From The Bolton Journal Saturday, October 31, 1885, reproduced here by the kind permission of the Bolton News.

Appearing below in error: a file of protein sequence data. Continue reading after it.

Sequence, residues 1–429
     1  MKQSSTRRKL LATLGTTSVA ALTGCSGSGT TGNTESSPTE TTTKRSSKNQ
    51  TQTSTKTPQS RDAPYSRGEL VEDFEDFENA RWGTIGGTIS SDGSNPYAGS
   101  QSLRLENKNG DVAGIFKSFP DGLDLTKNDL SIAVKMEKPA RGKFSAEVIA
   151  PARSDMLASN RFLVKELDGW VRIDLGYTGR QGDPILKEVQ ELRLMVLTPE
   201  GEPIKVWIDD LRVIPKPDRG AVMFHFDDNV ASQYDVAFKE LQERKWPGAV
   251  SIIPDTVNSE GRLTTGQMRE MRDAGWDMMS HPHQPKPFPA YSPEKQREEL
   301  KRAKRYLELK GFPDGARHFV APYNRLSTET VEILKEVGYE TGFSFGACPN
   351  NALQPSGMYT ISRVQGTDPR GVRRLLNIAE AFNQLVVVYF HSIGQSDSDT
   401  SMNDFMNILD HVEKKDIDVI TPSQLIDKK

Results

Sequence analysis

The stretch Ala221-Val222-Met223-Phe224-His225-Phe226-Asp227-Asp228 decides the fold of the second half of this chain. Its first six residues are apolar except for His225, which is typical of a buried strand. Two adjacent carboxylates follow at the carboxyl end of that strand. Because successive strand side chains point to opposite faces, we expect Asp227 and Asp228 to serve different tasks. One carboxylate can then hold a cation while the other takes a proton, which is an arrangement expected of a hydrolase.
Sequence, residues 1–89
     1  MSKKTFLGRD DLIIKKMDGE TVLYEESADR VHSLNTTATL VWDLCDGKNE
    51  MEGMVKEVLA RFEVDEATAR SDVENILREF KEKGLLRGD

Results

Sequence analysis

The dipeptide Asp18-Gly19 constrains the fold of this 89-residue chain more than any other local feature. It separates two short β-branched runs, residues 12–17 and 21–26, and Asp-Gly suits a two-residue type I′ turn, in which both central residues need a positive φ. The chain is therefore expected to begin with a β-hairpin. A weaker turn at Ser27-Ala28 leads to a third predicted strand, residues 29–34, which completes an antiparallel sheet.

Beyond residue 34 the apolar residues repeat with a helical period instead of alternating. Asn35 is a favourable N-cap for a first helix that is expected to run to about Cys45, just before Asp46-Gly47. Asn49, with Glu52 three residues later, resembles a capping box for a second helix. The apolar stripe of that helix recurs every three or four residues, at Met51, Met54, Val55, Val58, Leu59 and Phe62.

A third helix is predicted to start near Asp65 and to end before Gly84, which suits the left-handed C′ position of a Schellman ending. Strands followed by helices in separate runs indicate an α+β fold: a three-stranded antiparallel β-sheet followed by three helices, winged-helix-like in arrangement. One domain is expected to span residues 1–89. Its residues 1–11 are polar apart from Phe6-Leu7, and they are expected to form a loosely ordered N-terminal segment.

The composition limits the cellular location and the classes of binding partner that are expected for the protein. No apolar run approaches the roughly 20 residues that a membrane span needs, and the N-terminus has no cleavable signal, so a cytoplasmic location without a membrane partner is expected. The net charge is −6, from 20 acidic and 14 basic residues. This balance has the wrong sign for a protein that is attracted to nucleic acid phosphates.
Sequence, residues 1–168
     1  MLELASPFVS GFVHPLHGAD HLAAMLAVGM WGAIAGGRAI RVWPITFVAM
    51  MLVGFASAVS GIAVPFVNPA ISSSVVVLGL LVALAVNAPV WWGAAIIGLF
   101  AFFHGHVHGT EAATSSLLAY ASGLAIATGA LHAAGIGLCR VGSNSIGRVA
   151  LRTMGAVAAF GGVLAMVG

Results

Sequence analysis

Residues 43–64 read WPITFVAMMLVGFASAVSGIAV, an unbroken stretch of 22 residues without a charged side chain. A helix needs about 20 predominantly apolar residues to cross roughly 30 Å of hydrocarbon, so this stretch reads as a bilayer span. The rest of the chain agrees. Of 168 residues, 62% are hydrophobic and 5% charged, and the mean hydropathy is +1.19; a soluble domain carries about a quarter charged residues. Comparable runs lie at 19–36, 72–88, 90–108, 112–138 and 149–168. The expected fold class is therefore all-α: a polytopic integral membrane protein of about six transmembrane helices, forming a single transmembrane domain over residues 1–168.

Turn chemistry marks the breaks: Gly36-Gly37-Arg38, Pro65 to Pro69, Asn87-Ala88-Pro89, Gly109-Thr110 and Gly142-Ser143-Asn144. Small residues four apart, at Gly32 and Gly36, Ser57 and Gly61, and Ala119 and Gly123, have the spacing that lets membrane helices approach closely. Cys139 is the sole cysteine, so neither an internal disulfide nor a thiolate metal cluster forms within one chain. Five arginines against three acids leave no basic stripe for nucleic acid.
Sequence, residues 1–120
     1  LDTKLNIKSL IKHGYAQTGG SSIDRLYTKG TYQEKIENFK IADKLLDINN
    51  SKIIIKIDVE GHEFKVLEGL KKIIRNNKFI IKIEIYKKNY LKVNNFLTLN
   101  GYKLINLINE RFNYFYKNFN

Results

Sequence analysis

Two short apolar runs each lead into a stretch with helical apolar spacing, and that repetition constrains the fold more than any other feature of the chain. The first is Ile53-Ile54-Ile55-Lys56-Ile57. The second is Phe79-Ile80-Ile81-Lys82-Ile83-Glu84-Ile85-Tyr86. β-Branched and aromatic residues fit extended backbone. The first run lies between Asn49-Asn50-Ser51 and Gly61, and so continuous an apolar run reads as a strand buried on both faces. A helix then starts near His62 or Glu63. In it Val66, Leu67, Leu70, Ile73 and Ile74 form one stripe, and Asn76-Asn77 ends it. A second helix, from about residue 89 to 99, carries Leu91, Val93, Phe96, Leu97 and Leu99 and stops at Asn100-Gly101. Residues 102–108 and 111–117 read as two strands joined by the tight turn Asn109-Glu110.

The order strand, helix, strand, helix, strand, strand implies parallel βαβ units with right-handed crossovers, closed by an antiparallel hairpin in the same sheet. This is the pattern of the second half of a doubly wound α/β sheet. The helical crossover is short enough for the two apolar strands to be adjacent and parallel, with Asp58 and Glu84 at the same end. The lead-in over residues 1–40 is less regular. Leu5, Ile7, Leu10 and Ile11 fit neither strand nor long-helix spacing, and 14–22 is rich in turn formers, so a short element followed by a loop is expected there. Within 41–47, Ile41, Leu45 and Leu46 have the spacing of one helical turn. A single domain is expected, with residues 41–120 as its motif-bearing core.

We give above a view of Bank-street Unitarian chapel, a modern Gothic structure erected in 1856, on the site of a venerable building erected in 1606?, on land presented to the congregation by the Rev. Robert Seddon, at “the back of his own mansion-house.” The worshippers had previously assembled at the Old Meeting House in Deansgate, on the site now occupied by the Woolpack Inn, the founder of this body of English Presbyterians, being the Rev. Richard Goodwin, M.A., at one time Vicar of Bolton, but evicted in 1662 along with the other two thousand Nonconforming divines. In this old building at the corner of Mealhouse-lane, the celebrated Oliver Heywood was a frequent preacher. Mr. Goodwin died in 1685 and was interred in the Parish Church. His successor was the Rev. John Lever, another ejected minister educated at Brazenose college, Oxford, who, at the “meeting place,” according to Calamy, “administered the Lord’s Supper every month to some hundreds.” At this period of political unrest in the history of the country Bolton was considered one of the great centres of Nonconformity. The cavaliers of the day gave it the name of the Geneva of Lancashire, and there is no doubt that the cause of Protestant Dissent grew and flourished. Mr. Lever ministered to the wants of the congregation for seven years after the death of Mr. Goodwin, and then died in the 58th year of his age. The Rev. Robert Seddon, a third ejected divine, after many years of troublous vicissitude, took up his residence in a house at the top of Bank-street, then called Windy Bank, and succeeded the Rev. Mr. Lever. Three years’ faithful ministry terminated by the gift of the site adjacent to his house in Bank-street for the new chapel, he had only just completed the deed of conveyance when he was seized with a paralytic stroke from which he died. In the meantime his nephew, the Rev. Samuel Bourne, succeeded to the pastorate, which he held until the year 1719, during which he opened the new chapel, and earned a reputation not only for earnest ministry, but benevolence and public usefulness. Writing of him his son says: “ In the work of the ministry and the saving of souls he gave up all his strength; he visibly wore away in the work, and did not rust away.” The Rev. Thomas Dixon, M.D., occupied the pulpit from 1719 to his death in 1729, and he was succeeded by the Rev. John Buck, who was the pastor until 1750, when he also was removed by death. After a lapse of two years, Mr. Thomas Dixon, a son of a former pastor, filled the pastorate for a brief period of two years and then died in the 32nd year of his age. He was interred in the chapel by the side of his father. This minister ardently advocated Arian doctrines, and led to the formal secession of the party whose leanings were towards Calvinism. This was the origin of the first congregation of Independents in Bolton, who settled in Duke’s Alley Chapel in 1754. In 1755 the Rev. Thomas Holland came from Wem, Shropshire, and accepted the invitation of the congregation at Bank-street to become their pastor, and his style of preaching was so acceptable that, notwithstanding the secession, the congregation increased so rapidly that the chapel had to be enlarged. Mr. Holland also established a boarding school, taking the greatest interest in education. and preached before an assembly of ministers in Manchester, 1760, a sermon “The importance of learning.” This energetic and popular minister died in 1789, after a ministry of 45 years, 33 of which he had spent at Bank-street. During the latter portion of his pastorate he was assisted by the Rev. W. Hawkes. The Rev. John Holland, nephew of the deceased pastor, succeeded, and, following the footsteps of his relative, in his zeal for education formed a library and established a Sunday School, on the plan originated by Robert Raikes a few years previously, and copied by the Wesleyans at their place of worship at Ridgway Gates. Mr. John Holland was a fearless preacher of the doctrines of Unitarianism, which was denounced on all hands as destructive to Christianity and hostile to civil liberty. He suffered much odium, was on one occasion burnt in effigy, and on another was represented as riding on an ass as chief mourner in a procession intended as a mock celebration of the funeral of Thomas Paine, the author of the “Rights of Man.” He resigned on account of ill health in August, 1820, and died in 1826. His successor was the Rev. Noah Jones, of Walmsley, but owing to sickness he was compelled to retire from the ministry for a time, and the Rev. Franklin Baker, M.A., became the pastor in 1823. The career and work of this celebrated preacher are well known. He published the standard work “Rise and Progress of Nonconformity in Bolton,” being an historical sketch of the congregation of Protestant dissenters assembling first in Deansgate and afterwards in Bank-street, and preached before his congregation in the autumn of 1833, and from which account we have gleaned the above facts relative to them. In 1861 he was succeeded by the Rev. Jeffrey Worthington, whose ministrations will be fresh in the minds of our readers. In 1873 Mr. Worthington resigned, and the following year he was succeed by the Rev. C.C. Coe, F.R.G.S., of Leicester, the present pastor whose eminent ministerial qualifications are well known. In 1874 new schools were erected, and three years later a new organ was built in the chapel.